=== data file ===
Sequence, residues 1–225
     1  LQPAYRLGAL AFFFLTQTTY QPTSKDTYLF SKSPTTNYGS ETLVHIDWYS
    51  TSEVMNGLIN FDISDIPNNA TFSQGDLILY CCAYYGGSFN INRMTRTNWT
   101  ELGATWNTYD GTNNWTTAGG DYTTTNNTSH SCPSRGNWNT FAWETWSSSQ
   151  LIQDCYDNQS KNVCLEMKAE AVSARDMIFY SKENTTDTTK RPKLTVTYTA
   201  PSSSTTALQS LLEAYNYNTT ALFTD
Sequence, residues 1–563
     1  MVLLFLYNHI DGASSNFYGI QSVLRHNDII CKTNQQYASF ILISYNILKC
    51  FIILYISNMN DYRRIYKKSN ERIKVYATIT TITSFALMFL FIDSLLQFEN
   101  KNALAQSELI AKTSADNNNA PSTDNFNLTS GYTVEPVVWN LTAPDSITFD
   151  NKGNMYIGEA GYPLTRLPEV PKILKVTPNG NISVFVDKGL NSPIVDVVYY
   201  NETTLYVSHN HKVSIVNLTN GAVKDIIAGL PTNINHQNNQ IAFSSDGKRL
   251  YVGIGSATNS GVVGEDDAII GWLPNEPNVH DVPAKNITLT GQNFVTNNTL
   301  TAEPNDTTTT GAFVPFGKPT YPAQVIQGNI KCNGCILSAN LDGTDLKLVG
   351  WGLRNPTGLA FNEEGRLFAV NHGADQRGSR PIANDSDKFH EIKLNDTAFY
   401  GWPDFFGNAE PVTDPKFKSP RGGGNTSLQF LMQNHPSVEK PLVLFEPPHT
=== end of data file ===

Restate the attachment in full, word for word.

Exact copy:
Sequence, residues 1–225
     1  LQPAYRLGAL AFFFLTQTTY QPTSKDTYLF SKSPTTNYGS ETLVHIDWYS
    51  TSEVMNGLIN FDISDIPNNA TFSQGDLILY CCAYYGGSFN INRMTRTNWT
   101  ELGATWNTYD GTNNWTTAGG DYTTTNNTSH SCPSRGNWNT FAWETWSSSQ
   151  LIQDCYDNQS KNVCLEMKAE AVSARDMIFY SKENTTDTTK RPKLTVTYTA
   201  PSSSTTALQS LLEAYNYNTT ALFTD
Sequence, residues 1–563
     1  MVLLFLYNHI DGASSNFYGI QSVLRHNDII CKTNQQYASF ILISYNILKC
    51  FIILYISNMN DYRRIYKKSN ERIKVYATIT TITSFALMFL FIDSLLQFEN
   101  KNALAQSELI AKTSADNNNA PSTDNFNLTS GYTVEPVVWN LTAPDSITFD
   151  NKGNMYIGEA GYPLTRLPEV PKILKVTPNG NISVFVDKGL NSPIVDVVYY
   201  NETTLYVSHN HKVSIVNLTN GAVKDIIAGL PTNINHQNNQ IAFSSDGKRL
   251  YVGIGSATNS GVVGEDDAII GWLPNEPNVH DVPAKNITLT GQNFVTNNTL
   301  TAEPNDTTTT GAFVPFGKPT YPAQVIQGNI KCNGCILSAN LDGTDLKLVG
   351  WGLRNPTGLA FNEEGRLFAV NHGADQRGSR PIANDSDKFH EIKLNDTAFY
   401  GWPDFFGNAE PVTDPKFKSP RGGGNTSLQF LMQNHPSVEK PLVLFEPPHT